Little kids are overwhelmed by the spilled mess of milk on the floor. Parents can teach and support them to say ‘I’m sorry’ and to clean it up, maybe leaving the kitchen a little cleaner than it was before.

Maybe giving the kid a window of understanding about how to belong to the family is more powerful than the thrill of a thousand rainbows. They are smarter than we give them credit for. As adults, we too often fail to wonder at a sunrise, fireworks, flying kite, rainbow, or sunset. For a kid, they’re looking for the moment when life is giving back more to them than they could have ever expected.

What do you want to show your child today?

For more info on parental training visit my web site at

Blue Canary and other moments of Joy

August 19, 2009

“Moshmons?!?!? ” I looked at the ticket and reached for my glasses to look again. Moshmons, it said. “No. Turn it right side-up!” she said. Oh, Snowshow!

Slava Polunin is the creator of “Slava’s Showshow” playing till August 23, 2009.

Tonight, my girlfriend asked me for some good news. Slava gave $4,050 to the Hawaii Food Bank today.

“Wow! He’s a good guy,” she said. Yes, there’s no doubt about Slava. I would say he is one of the world’s most wonderful people.

So Slava’s clowns do this thing with “Blue Canary,” a very old sounding tune. You can type the phrase into YouTube to see it. Three clowns work an enchanting lip sync that is both unnerving and infinitely pleasurable. The simple routine condenses the feeling that you get from the entire show.

Between the bubbles, the flying balls and the songs, a person loses all sense of being grown up. All stress fades as a clown balances a balloon on a stick in slow motion. A ghostly female apparition swings across the stage and a child clown leads adult clowns on frantic race back and forth across the stage.

A week has passed by with responsibilities, parenting, commitments, and obligations drumming a steady beat. Yet the Blue Canary is more hauntingly beautiful now than before.

I hope you have the chance to see Slava Polunin and his Snowshow. It is a moment of clarity, childlike innocence and joy in our modern confused, compacted, and complicated lives.

The Handwritten Letter

August 18, 2009

As a non-custodial Dad, sometimes the little things are the ones that trigger major emotions. Why did the Honolulu Advertiser publish, “Little postcard note can be a big moment“?

The author, Jenee Osterheldt, McClatchy-Tribune News Service, seems to express wonder at the magiic a handwritten personal note created for her.

I didn’t think it would be hard to stay in touch. She’s in Pittsburgh, but we’re on Facebook. Keeping up with each other is as easy as a few clicks. Only it isn’t. Thumbnail pictures and text messages are no substitute for a midweek lunch and laughing face to face. Finding time for phone conversations hasn’t been easy, and when there’s not a lot of newness to report, you often don’t dial.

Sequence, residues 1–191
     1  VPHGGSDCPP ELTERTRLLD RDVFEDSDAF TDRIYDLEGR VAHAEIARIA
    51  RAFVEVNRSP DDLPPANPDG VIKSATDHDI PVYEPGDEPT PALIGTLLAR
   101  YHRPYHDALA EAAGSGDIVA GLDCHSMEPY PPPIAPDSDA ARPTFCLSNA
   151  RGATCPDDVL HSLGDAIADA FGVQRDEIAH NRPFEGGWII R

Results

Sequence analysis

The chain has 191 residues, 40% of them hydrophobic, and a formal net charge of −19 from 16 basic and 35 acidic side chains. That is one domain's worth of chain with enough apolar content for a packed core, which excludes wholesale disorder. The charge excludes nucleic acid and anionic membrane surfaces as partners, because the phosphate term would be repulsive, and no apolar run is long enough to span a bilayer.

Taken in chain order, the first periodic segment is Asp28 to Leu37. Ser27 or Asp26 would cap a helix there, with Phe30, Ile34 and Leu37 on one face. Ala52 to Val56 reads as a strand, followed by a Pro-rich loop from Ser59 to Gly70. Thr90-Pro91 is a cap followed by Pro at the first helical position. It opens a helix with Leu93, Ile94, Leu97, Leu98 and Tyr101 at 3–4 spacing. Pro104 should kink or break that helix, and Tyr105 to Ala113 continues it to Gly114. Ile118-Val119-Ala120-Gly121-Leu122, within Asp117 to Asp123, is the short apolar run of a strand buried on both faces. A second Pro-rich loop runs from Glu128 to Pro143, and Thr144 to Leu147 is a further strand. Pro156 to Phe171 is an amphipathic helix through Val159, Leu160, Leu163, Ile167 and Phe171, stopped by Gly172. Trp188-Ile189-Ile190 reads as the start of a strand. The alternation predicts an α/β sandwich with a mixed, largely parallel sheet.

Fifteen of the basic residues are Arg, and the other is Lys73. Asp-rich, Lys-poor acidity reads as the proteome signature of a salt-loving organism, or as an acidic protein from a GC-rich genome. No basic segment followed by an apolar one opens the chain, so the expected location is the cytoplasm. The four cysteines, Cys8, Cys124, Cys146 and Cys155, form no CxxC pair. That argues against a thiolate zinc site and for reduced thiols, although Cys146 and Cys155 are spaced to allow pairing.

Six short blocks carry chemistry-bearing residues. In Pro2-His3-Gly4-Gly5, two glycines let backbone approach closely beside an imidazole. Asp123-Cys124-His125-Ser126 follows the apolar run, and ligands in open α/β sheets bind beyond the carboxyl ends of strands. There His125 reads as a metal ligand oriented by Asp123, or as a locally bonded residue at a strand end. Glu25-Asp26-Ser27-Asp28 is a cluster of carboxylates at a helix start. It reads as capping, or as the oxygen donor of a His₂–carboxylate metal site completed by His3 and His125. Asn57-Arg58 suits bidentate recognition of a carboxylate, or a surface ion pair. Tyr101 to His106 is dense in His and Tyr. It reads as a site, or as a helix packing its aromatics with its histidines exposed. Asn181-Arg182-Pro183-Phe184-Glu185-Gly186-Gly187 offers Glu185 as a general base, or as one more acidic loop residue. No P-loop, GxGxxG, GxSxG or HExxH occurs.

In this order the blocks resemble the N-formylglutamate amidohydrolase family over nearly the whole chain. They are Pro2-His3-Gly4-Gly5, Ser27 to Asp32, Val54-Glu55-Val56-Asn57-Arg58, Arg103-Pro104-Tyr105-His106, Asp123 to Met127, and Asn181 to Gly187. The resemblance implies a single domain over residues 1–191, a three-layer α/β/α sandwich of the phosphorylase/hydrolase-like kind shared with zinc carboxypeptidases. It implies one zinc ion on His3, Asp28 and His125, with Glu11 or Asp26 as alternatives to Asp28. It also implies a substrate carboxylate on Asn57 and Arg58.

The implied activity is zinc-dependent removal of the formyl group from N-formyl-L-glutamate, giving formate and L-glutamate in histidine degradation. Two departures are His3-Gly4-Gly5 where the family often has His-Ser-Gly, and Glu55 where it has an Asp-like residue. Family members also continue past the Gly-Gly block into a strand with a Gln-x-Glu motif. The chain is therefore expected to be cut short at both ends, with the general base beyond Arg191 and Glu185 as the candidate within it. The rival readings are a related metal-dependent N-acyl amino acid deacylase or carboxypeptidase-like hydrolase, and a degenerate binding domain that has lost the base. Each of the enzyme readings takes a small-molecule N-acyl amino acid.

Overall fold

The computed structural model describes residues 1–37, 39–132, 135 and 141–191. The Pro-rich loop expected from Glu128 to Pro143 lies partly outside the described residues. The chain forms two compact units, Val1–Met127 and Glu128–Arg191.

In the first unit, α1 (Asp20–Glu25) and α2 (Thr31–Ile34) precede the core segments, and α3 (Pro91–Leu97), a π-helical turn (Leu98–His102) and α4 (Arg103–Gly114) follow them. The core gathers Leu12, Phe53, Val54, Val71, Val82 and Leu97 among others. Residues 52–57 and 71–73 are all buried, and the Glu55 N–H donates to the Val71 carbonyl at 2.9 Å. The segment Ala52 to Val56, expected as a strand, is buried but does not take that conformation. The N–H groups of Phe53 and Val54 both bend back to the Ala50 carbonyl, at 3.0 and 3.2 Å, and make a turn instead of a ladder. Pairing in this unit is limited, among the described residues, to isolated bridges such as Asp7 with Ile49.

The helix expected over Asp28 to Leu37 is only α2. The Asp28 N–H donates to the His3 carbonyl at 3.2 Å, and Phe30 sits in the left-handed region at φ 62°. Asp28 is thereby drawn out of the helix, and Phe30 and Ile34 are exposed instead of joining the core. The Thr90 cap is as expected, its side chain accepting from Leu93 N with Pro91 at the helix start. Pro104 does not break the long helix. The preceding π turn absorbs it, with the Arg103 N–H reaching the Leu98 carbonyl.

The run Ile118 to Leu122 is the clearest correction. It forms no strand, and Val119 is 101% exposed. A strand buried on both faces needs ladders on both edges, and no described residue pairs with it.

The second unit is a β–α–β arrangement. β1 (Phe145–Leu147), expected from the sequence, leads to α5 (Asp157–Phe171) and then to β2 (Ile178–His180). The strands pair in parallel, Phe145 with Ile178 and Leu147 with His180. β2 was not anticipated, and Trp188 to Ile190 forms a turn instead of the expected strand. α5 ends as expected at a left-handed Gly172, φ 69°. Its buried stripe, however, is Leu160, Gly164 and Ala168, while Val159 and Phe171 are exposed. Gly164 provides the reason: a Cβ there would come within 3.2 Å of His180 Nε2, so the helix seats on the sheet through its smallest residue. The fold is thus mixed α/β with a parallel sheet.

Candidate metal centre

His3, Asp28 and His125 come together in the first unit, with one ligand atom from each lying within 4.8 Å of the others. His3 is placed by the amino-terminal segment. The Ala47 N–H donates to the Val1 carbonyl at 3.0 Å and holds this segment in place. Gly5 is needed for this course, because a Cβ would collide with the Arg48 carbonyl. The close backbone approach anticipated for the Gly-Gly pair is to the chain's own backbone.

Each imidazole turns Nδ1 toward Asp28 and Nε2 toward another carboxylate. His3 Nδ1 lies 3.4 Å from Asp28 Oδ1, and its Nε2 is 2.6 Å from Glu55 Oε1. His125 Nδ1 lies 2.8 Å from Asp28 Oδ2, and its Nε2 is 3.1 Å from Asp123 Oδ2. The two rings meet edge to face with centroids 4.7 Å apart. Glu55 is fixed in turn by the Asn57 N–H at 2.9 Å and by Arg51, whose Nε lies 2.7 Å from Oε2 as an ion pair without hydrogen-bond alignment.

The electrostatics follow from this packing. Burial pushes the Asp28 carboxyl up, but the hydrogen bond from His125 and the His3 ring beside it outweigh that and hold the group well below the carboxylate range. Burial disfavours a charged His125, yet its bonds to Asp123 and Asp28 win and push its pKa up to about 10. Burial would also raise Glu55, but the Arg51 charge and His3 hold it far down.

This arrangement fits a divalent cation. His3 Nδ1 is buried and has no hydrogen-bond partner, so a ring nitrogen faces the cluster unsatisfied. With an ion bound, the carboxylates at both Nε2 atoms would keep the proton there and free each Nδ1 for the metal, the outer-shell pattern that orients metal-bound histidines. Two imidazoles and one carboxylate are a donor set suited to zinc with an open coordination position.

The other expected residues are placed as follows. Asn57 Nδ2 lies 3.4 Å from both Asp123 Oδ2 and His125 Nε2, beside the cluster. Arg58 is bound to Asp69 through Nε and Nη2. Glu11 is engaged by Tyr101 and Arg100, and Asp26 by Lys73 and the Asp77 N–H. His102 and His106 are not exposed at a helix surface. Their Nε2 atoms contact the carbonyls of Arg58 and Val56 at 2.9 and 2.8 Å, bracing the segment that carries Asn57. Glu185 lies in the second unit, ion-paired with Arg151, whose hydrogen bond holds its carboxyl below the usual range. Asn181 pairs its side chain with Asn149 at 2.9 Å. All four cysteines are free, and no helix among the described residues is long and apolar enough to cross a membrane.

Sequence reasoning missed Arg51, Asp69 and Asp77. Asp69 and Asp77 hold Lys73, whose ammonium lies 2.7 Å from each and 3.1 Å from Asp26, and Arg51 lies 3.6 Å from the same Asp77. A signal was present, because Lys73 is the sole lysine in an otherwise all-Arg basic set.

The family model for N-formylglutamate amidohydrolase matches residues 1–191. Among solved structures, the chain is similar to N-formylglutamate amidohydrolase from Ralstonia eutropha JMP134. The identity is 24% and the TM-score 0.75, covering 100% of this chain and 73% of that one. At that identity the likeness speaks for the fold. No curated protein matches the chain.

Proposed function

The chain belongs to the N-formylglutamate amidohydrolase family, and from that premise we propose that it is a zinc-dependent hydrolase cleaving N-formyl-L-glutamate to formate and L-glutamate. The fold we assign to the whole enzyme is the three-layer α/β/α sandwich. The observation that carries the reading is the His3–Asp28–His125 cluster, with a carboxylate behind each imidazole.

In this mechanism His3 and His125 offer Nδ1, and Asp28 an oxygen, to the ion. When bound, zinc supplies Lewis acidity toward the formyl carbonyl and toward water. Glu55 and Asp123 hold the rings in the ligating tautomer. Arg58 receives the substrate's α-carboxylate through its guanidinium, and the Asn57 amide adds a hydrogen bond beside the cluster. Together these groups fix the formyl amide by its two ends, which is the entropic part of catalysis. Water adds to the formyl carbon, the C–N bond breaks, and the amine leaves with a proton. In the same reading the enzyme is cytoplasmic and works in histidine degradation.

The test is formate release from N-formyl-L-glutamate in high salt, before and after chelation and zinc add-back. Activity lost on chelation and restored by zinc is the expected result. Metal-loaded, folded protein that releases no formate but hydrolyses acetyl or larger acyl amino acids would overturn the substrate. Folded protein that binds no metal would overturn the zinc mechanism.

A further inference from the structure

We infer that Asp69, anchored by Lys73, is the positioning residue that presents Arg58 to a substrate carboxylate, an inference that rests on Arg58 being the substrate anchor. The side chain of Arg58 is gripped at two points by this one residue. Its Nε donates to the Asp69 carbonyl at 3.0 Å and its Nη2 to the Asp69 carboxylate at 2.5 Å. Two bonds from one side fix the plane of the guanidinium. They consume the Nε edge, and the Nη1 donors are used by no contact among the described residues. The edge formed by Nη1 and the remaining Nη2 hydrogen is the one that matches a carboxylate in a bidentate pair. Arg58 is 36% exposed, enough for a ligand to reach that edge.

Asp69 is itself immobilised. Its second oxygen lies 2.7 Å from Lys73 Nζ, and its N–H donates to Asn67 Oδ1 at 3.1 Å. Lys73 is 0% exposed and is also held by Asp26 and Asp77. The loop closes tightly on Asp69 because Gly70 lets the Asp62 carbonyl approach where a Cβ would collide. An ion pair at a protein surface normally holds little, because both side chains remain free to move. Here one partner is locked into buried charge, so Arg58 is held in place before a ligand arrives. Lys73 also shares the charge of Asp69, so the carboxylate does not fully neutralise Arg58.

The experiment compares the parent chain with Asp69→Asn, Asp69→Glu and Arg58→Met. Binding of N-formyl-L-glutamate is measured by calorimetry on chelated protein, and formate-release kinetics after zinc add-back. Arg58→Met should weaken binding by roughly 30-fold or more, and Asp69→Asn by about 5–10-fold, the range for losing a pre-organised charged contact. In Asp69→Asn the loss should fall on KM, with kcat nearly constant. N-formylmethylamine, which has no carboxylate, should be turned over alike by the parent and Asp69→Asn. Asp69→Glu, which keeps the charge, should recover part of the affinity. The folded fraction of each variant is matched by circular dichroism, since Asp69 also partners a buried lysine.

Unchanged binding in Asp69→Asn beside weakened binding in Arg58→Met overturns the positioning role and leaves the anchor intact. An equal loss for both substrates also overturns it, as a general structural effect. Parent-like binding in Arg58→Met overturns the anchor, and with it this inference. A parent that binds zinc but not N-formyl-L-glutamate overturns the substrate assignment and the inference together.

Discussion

And I realize that it is just a quaint notion for those of us old enough to remember what it was like to write by hand before word processors and the internet.

These are not feelings that my kids will understand. My kids do not have decades of memories of receiving (or not receiving) a letter in the mail box.

For over two years, I have been sending my kids post cards and cards with personalized notes. At first, I was filled with fear that my ex would bring this to the police as evidence that I was violating a court order that had no prohibition against sending the kids cards. A fear that has been justified by wild allegations that have arisen in court cases since.

Today, I just envision those cards sitting in a pile in the attic or just tossed out with the trash, never having reached my children.

When your best friend moves away, we all share in the guilt of letting go of such an important part of our lives. When your children are abducted, the dynamics are different.

I still send personalized, hand-written cards not just in the hope that someday that my children may know the experience of receiving letters in their mail-box, but to dispel the false memories that have been planted. My hope is that they will get to the mail-box first one day and realize that their Dad loves them.

To find out more about how your family can be torn apart without your consent, visit my web site at

Family: The Need

August 17, 2009

Over the months, I have been collecting the Active Parenting Magazine with the intention to expand beyond my limited means and provide the community with a first defense against the breakdown of families and the most financially lucrative result for women these days; divorce.

But, I have been overwhelmed with life. Work is a full schedule. Staying healthy gets me out into the beautiful Hawaiian air at least ten to fifteen hours per week. Maintaining an imaginary relationship with my kids occupies a lot of my time, patience, and love. Then, living with my girlfriend and her two kids, takes 30 hours or more each week and gives me a feeling of belonging. In return, I know that I give back everything they need to know about what a Dad can be.